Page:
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Fauci praises South Carolina's coronavirus response as one he would 'almost want to clone'

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Fauci warns of 'suffering and death' if US reopens too soon

Dr. Anthony Fauci, director of the National Institute of Allergy and Infectious Diseases, speaks remotely during a virtual Senate Committee for Health, Education, Labor and Pensions hearing on Tuesday, May 12, 2020, on Capitol Hill in Washington, D.C. Win McNamee/AP

Dr. Anthony Fauci, the nation's top infectious-disease expert who has become a key figure in the federal response to the coronavirus pandemic, praised South Carolina for its handling of the virus as it prepares to further relax its restrictions next week.

"You have put things in place that I think would optimize your capability of reopening," Fauci said Tuesday during a Senate health committee meeting.

He characterized South Carolina's response as something he would "almost want to clone."

The laudatory comment came after U.S. Sen. Tim Scott, R-S.C., posed a question nearly three hours into a hearing before the Republican-led Senate Health, Education, Labor and Pensions Committee.

The panel was titled "COVID-19: Safely Getting Back to Work and Back to School."

Scott's question to Fauci began as a monologue in which Scott summarized efforts made in the Palmetto State thus far to address the novel coronavirus, where state health officials on Monday confirmed a total of 7,792 cases and 346 fatalities.

"Our hospital capacity is actually better now than it was when the pandemic started," Scott claimed.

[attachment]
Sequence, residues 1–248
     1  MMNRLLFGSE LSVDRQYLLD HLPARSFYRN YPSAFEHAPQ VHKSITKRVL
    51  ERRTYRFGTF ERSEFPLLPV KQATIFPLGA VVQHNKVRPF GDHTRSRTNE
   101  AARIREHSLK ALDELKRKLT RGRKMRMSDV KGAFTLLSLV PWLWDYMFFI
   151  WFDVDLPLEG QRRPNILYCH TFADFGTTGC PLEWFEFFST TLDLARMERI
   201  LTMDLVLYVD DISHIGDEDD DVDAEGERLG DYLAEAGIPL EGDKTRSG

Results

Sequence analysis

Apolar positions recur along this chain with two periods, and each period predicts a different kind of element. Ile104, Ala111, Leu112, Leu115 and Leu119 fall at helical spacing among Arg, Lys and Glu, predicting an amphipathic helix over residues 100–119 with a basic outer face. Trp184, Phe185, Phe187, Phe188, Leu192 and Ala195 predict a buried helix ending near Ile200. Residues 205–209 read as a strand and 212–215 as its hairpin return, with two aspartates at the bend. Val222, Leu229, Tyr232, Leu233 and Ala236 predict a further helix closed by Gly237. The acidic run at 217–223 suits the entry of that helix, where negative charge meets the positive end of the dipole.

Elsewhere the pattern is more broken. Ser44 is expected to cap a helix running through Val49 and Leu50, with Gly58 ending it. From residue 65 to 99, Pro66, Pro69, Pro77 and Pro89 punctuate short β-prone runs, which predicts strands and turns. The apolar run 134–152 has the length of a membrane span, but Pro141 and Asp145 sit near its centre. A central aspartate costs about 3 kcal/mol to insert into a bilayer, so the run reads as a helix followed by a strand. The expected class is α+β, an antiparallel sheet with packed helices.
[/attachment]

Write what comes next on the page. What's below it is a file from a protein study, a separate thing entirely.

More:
While the coronavirus pandemic has caused the number of patients in hospitals to decline, reports show it has also pushed many health systems in South Carolina to the financial brink.

Scott said the state did not set out with the goal of preventing every fatality from the virus.

"That would be unrealistic. It is impossible," Scott said.

Scott added the state did not set out to implement quarantine directives meant to last until there was a vaccine in place.

"That would take too long," he said.

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Scott highlighted recent efforts by the state to obtain more contact tracers, who are individuals tasked with determining the spread of the virus.

He emphasized the state plans to test 100 percent of nursing homes and staff members that take care of nursing home residents by the end of this month.

"While I respect the need for caution, we are too often presented with a false dichotomy of either saving our economy or saving lives," Scott said.

Then, he asked Fauci his question: "What else would you suggest that we could do to protect our most vulnerable populations?"

Fauci offered no objections to the rosy picture Scott described, even though experts have warned South Carolina must dramatically ramp up its efforts to detect new cases of COVID-19 and stop its spread.

"You gave a really very eloquent description of what I think would be a model way to approach this," Fauci said.

Fauci said South Carolina appears ready to "progress carefully" with its reopening plans, but he still urged caution. The state needs to keep its most vulnerable populations in mind as it begins relaxing its restrictions, he said, particularly the elderly, individuals with underlying conditions and minority groups.

"Protect them right up until the very end of the relaxation of your mitigation," Fauci said.

The comments were a contrast to the sharp warning Fauci issued at the beginning of the hearing, when he said opening too soon would cause "some suffering and death that could be avoided, but could even set you back on the road to try to get economic recovery."

Fauci, a member of the coronavirus task force charged with shaping the response to COVID-19, testified via video conference after self-quarantining as a White House staffer tested positive for the virus.

The Associated Press contributed to this report.

Reach Caitlin Byrd at 843-937-5590 and follow her on Twitter @MaryCaitlinByrd.

Political Reporter

Caitlin Byrd is a political reporter at The Post and Courier and author of the Palmetto Politics newsletter. Before moving to Charleston in 2016, her byline appeared in the Asheville Citizen-Times. To date, Byrd has won 17 awards for her work.

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